Returning Wrenthorpe and Outwood councillor outlines Platinum Jubilee celebration hopes and little library plans for Alverthorpe
Nine years is a long time to have a break from anything.
But it seems that for Annemarie Glover, a near decade out of council politics hasn't treated her too badly.
Elected as a new councillor for Wrenthorpe and Outwood West at the local polls last month, it's her second stint in the job after her previous term between 2008 and 2012.
"I sometimes think you miss the camaraderie of the group," a cheerful Councillor Glover says, one month on from her victory and clearly happy to be back in the local Conservative fold.
"And I really like helping people."
"Life was relatively busy a few years ago, being a governor at four schools and spending time in each school. So I never really had the time (to stand again for election).
"Now I just do one school. My daughter's 19 now and I've got the time to be able to commit to it. I was asked to stand, so I thought I'd give it a go.
"I'm not one of these people who can really sit still!"
Following up reports of potholes from local drivers and offering help to residents during a long-running power cut in Wrenthorpe have dominated her first weeks back as an elected member.
But looking ahead, among Councillor Glover's main priorities are setting up a "big weekend" packed with events for the Queen's Platinum Jubillee next year.
Street parties in every corner of the ward, tea dancing in Outwood and a massive celebration in Wrenthorpe Park could all be part of an exciting programme she's working on for the four-day bank holiday next June.
"I feel it's an ideal opportunity to give people something to look forward to," Coun Glover enthuses.
"I've got such plans for it and I'm dreaming big. It's one thing I'd really love to deliver.
"It's something I want to get the whole community involved in and something to bring people together.
"Our Queen's done a cracking job. It's something to get people excited over and I think we all need that focus at the moment.
"Obviously with Covid, we’re hoping at that time we can do it, because you never know what will happen, but that’s what I’d love to do."
Born in Castleford where much of her family still lives, Coun Glover has spent 30 years working at a local bingo hall, where she "does a bit of everything", from calling the numbers, to cooking chips, to looking after the accounts.
Her enjoyment of other people's company is the job's highlight.
"There’s people who come in quite regularly and they’re like family, because you see them that often," Coun Glover says.
"They nip in for a cuppa and to see others. It’s very much a community thing and that’s what I enjoy."
She does admit however, that she's "not a lover of calling" the numbers, the novelty of talking little ducks and garden gates having apparently worn off.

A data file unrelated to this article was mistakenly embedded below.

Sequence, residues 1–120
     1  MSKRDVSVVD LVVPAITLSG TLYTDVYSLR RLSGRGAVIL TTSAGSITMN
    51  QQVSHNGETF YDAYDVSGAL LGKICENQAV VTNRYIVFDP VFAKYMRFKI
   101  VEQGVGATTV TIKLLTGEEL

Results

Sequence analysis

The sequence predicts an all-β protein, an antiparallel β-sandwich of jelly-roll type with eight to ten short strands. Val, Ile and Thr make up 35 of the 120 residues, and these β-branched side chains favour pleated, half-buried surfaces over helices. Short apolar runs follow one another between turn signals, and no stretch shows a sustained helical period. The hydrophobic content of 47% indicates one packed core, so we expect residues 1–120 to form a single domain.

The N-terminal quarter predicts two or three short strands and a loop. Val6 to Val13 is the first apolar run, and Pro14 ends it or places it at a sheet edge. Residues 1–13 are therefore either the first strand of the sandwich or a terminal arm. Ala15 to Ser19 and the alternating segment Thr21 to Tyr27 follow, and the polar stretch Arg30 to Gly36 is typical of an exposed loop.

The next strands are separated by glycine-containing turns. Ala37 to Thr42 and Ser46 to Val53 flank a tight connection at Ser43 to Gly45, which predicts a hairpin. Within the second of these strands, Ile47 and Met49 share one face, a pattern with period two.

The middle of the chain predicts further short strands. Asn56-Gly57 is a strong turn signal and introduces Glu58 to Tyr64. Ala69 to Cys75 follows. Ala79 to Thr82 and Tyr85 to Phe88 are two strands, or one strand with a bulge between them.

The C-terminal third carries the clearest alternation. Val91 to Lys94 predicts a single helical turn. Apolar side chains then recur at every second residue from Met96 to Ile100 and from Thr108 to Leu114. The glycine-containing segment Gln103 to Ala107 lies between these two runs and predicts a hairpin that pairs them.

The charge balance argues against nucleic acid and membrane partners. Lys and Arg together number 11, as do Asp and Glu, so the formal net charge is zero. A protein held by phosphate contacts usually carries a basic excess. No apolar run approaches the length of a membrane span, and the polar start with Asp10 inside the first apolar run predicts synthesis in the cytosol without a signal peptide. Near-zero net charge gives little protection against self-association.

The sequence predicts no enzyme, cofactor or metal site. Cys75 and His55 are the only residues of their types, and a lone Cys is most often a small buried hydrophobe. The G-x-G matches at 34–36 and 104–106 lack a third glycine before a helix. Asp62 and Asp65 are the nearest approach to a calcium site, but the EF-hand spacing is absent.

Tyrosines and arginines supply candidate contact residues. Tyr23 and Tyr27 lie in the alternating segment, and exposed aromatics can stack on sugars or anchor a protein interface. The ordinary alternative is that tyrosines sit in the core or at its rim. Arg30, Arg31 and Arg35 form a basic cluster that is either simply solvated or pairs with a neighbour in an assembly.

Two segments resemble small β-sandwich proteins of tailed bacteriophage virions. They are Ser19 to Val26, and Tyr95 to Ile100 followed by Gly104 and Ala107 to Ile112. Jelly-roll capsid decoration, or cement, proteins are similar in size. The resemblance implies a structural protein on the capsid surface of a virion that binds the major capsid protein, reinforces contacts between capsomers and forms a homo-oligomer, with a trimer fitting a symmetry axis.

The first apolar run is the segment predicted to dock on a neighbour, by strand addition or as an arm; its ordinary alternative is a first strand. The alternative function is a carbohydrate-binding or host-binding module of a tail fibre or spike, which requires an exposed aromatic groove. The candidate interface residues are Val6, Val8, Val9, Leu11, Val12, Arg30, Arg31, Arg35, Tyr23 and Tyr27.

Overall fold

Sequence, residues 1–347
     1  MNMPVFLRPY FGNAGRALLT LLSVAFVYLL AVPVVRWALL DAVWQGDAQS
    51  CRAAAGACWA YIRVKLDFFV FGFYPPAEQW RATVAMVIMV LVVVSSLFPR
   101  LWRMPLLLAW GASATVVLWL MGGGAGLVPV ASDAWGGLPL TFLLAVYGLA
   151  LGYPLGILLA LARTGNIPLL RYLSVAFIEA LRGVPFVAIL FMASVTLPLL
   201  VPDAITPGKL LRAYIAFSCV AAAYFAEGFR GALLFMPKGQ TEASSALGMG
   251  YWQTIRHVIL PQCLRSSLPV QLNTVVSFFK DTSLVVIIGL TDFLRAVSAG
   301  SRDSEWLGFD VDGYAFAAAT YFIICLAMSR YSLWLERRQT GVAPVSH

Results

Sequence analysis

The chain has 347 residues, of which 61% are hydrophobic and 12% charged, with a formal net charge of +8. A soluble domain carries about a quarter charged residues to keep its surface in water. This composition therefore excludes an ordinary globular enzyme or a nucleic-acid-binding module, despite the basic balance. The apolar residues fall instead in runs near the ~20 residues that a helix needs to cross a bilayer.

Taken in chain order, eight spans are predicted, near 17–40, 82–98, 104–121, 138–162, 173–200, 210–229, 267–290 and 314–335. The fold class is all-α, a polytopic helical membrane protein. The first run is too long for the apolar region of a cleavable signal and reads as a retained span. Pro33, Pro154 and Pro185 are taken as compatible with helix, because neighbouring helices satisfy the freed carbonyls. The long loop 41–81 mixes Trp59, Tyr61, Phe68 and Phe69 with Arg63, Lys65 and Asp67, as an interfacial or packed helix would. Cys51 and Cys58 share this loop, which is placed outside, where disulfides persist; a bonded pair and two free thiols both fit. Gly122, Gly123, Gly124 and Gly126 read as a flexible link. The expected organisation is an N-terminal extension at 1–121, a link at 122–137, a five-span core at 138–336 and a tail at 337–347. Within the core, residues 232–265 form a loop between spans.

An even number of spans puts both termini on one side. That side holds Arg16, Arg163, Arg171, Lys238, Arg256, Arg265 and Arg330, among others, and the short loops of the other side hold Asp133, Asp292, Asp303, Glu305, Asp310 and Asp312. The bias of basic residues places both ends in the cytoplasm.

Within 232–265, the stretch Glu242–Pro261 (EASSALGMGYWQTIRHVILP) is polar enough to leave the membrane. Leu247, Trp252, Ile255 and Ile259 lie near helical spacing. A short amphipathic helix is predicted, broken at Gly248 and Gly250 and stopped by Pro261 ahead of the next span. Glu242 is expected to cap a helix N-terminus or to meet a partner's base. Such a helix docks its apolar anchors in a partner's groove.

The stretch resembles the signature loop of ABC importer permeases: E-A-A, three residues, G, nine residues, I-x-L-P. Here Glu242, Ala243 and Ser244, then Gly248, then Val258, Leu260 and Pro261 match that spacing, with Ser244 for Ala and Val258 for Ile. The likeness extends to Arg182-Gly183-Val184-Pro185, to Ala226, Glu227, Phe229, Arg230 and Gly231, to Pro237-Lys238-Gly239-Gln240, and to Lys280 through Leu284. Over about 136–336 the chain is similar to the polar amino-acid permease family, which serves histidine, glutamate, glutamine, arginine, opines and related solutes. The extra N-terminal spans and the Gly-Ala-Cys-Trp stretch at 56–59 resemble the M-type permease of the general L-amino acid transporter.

"But when I do do the calling I try to make it as fun as possible," Coun Glover adds. "People have come out for entertainment haven’t they?
"I'm not precious about what jobs I do it and I just really enjoy working there.
"You can't stay in anything for 30 years and not enjoy it, can you?"
Coun Glover's first term as councillor came about after she joined a local community association, which helped secure a children's play area for Grasmere Playing Fields in Alverthorpe.
The site is at the southernmost point of the Wrenthorpe and Outwood West ward.
This time, a passion for books is driving her hopes to get a so-called "little library" for Alverthorpe.
The "little libraries" are community ventures run by volunteers and they've popped up across the district in recent times.
"The libraries are amazing," Coun Glover says.
"I love reading and I think it’s a dying art. People are just too busy or they don't get round to it because they’ve sat and read emails all day.
"Libraries are how you get the kids hooked on reading from an early age."
"I did my work experience at school in Castleford Library and it was amazing.
"With the arrival of the internet, libraries just don’t seem to be as well used. Everything is on the internet now, whereas when I was a kid, you had to go and find stuff out.
"It's an important skill."
Reflecting back on her victory last month, Councillor Glover was able to empathise with the Labour opponent she unseated, Martyn Johnson, having lost to him herself nine years ago.
The rivalry by the sounds of it though, is good-natured.
"I’ve run against Martyn quite a few times," she explains. "Sometimes I’ve won, sometimes I’ve lost.
"Politics is one of those things," she says.
"I spoke to Martyn at the count and I said, "One day you’re the best thing since sliced bread, the next time you’re not. That’s how politics goes.
"Voters in the ward tend to go with national picture. It’s never personal, it’s just politics."
Local Democracy Reporting Service